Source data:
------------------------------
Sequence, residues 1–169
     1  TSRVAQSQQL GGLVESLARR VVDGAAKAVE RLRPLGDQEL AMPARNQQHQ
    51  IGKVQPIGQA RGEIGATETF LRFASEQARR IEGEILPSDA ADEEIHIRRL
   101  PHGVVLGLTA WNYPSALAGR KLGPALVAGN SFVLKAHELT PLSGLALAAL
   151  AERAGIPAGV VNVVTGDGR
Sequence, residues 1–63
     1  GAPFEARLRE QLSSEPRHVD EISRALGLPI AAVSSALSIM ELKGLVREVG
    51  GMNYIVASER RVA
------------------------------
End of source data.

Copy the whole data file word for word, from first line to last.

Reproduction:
Sequence, residues 1–169
     1  TSRVAQSQQL GGLVESLARR VVDGAAKAVE RLRPLGDQEL AMPARNQQHQ
    51  IGKVQPIGQA RGEIGATETF LRFASEQARR IEGEILPSDA ADEEIHIRRL
   101  PHGVVLGLTA WNYPSALAGR KLGPALVAGN SFVLKAHELT PLSGLALAAL
   151  AERAGIPAGV VNVVTGDGR
Sequence, residues 1–63
     1  GAPFEARLRE QLSSEPRHVD EISRALGLPI AAVSSALSIM ELKGLVREVG
    51  GMNYIVASER RVA